Nick (Fred Williamson) gives talks around deprived New York neighbourhoods on the subject of the rising crime rate, and what he thinks should be done about it: vigilanteism. For example, when he hears of a woman raped when arriving home at her apartment block one night, he gathers his cohorts and they descend upon the culprit, bundling him into the back of their van to mete out their own form of justice, which they don't believe the courts or police are able to do. But family man and blue collar worker Eddie Marino (Robert Forster) doesn't think that's anything to do with him...
The shadow of Michael Winner's Death Wish loomed large over American exploitation cinema, with Vigilante only one of many revenge movies that turned up in its wake. The message was always the same: the authorities do not have the power to get even with the thugs roaming the streets and making things difficult for honest citizens, so it will take one man, or woman, or occasionally a whole gang of them, to do the right thing. Unfortunately doing the right thing in these cases was often to descend to the level of the thugs, offering what the filmmakers assumed was crowdpleasing violence as righteous action was taken.
Well, the action was the draw more than the politics, as when you took a look at them they resembled some fascistic frame of mind rather than anything helpful, and so it was with this. Eddie is landed straight into the middle of this murky can of worms when his wife Vickie (Rutanya Alda) stops a gas station attendant from being attacked, with the result that the gang doing the intimidating react, shall we say, disproportionately and storm her house, killing their young son and stabbing her in the garden, leaving her for dead. Eddie is horrified, and initially appeals to the full letter of the law through D.A. Carol Lynley, but predictably things don't exactly go to plan.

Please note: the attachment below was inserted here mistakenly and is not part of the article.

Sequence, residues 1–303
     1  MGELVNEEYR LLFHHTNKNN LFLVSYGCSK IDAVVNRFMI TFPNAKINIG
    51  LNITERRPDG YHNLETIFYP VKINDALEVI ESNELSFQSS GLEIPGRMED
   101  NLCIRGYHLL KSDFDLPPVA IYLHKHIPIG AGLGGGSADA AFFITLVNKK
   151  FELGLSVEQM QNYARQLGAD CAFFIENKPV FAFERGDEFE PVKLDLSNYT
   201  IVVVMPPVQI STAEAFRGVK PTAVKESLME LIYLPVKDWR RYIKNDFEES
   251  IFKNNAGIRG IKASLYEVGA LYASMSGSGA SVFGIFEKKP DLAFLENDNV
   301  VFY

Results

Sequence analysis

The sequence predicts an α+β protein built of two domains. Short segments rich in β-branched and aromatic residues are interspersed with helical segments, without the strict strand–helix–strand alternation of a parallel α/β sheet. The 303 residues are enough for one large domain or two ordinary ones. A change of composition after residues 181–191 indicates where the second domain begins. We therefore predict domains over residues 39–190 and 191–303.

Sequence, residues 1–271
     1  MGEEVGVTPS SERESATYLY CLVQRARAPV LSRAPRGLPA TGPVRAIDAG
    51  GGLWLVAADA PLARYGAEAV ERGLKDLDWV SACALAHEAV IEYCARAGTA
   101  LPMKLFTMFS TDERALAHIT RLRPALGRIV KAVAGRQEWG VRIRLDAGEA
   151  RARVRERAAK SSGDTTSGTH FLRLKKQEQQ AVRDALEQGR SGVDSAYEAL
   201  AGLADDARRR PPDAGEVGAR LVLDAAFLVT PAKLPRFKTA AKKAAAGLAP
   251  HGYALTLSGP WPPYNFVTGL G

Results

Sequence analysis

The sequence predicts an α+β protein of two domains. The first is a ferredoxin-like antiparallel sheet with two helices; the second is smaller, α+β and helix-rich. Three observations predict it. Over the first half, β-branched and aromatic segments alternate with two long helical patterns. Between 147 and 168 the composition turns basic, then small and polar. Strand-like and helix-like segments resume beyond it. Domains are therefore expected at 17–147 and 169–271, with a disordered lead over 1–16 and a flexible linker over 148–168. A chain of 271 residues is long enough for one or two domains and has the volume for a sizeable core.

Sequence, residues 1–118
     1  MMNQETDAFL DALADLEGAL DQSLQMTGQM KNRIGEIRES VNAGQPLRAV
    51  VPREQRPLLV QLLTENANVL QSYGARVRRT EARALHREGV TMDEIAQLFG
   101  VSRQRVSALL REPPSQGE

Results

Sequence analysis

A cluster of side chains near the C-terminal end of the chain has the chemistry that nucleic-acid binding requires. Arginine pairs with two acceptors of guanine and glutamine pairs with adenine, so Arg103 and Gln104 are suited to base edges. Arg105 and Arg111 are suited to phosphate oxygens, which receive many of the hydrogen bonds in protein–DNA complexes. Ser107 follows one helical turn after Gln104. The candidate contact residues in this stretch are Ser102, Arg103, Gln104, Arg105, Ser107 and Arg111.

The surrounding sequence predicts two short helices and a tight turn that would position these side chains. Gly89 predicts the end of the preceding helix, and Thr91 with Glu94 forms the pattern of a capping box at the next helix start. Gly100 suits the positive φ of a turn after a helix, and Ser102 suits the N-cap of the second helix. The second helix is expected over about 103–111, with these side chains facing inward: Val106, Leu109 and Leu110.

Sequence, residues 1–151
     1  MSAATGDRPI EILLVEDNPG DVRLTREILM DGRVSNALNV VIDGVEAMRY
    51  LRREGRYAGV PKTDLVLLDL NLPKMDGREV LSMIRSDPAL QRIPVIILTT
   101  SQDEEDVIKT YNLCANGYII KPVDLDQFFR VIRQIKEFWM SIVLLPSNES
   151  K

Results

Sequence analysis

In fact, the cards are so stacked against Eddie that it becomes ridiculous, as the judge gives the only one of the hoods to go to trial a two year suspended sentence in spite of all the evidence proving he and his buddies were as guilty as hell. This would have you accept that the courts are not only powerless, but actually complicit in allowing the criminals back on the streets with the merest slap on the wrist, and even more ludicrously, when Eddie flies into a rage at the judge it is he who is carted off to a maximum security prison and not the attackers. As ever, it was works like that that ignored the prison population was at its highest ever, and not due to innocent men like Eddie filling out the cells.
Still, at least when he's inside he meets Woody Strode as an old lag who advises him the best way to avoid getting beaten up, although Eddie needs his help in the assault in the shower scene. Sadly, Woody isn't in this much, so it's back home for our put upon hero, having made up his mind to take matters into his own hands and join with Nick, he having been beating up the bad guys like it was going out of fashion while Eddie was inside. Vigilante was not a high budgeted movie, but director William Lustig scored with his skill at action scenes on reduced funds, bringing chases on foot and at one stage in cars to keep things interesting. Where it fell down was its lack of self-awareness as not one of the posse of do-gooders twigs that by taking up arms against the villains they have become homicidal maniacs, with any vestiges of humanity flying out the window when they transform into killing machines. Would we really feel any safer knowing there was a civil war brewing outside? Fine music by Jay Chattaway.